Notes on Adolescent Literacy in the US

These are just tidbits that might interest you from my readings.  Similar to a previous post on homeschooling, my habit is simply to write the data/quotes that stick out to me.  As a result, readers might not be getting a full picture of the argument of the report or the situation.  BUT maybe it will titillate your interests and cause you to look for yourself!  In this case, you can.  Time to Act: Advancing Adolescent Literacy can be accessed at carnegie.org/literacy.

Recent data comparing literacy skills in the world shows that US 4th graders rank among the best in the world, 8th graders score much lower, and 10th grade US students score among the lowest in the world (p.1).

Private industries spend up to $3.1 billion/year to boost entry level workers’ writing skills (pp.1-2).

Despite the most gains in reading achievement and narrowing of racial achievement gap for 4th graders in 33 years, these gains seem to dissipate as students move into and through the middle grades (p.8).

Why?
Literacy demands change!

Primary grades: read texts of words they already know, about topics that interest them.  Comprehension assessments require students to summarize and retrieve items from the text.  Math tests require applying well-learned procedures.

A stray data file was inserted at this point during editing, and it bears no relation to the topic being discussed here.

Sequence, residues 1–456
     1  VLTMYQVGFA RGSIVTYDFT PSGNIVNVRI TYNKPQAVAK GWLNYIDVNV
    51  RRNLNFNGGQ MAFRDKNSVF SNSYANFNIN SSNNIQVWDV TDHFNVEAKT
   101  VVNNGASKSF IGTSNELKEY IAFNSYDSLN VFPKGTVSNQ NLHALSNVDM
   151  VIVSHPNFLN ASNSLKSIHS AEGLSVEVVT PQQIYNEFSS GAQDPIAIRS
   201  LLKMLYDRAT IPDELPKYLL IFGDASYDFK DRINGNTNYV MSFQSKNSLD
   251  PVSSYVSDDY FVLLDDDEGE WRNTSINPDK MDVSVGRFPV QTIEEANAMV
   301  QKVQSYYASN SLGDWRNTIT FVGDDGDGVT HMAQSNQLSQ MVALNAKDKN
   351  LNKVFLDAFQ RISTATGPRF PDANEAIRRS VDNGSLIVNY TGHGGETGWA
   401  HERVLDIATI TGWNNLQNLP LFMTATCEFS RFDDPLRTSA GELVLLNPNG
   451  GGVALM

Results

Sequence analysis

Secondary grades: expected to learn new words, new facts, and new ideas from reading, interpret, critique, and summarize.  Literacy practices combine literacy skills and content knowledge, and students are expected to know how to do this. Basically, text length, word complexity, sentence complexity, structural complexity, importance of graphics, conceptual challenges, and variance of texts across content areas all increase.) (pp.10-11).

Five essential factors of Reading First

  • improved classroom instruction
  • rigorous assessment
  • carefully designed professional development
  • structured accountability
  • increased (and ongoing) funding

Teacher attrition: about 17% of teachers leave the profession nationally every year (p.20) (I wonder if this is just public schools or includes independent schools too).

3 Myths about teaching (p.20)

  • Great teachers are born that way
  • Great M/HS teachers are nonconformist, solitary genius or lone wolf types
  • Great M/HS teachers need only know a single content area well

At bare minimum, all M/HS teachers should possess a working knowledge of (pp.20-22):

  • How literacy demands change with age/grade
  • How students vary in literacy strengths and needs
  • How given content area texts raise specific literacy challenges
  • How to recognize and address literacy difficulties
  • How to adapt and develop teaching skills over time

It takes literacy coaches upwards of 2 years to build the rapport necessary for stimulating real growth in teachers (p. 27)

Takeaways

  • Use assessment data to inform instruction
  • Budget reflects literacy priorities
  • Principal focuses on student learning and works in partnership with literacy coach
  • Strongest teachers –> greatest needs
  • it’s all about ongoing professional development
  • accelerated learning over remediation(? How does this work?)
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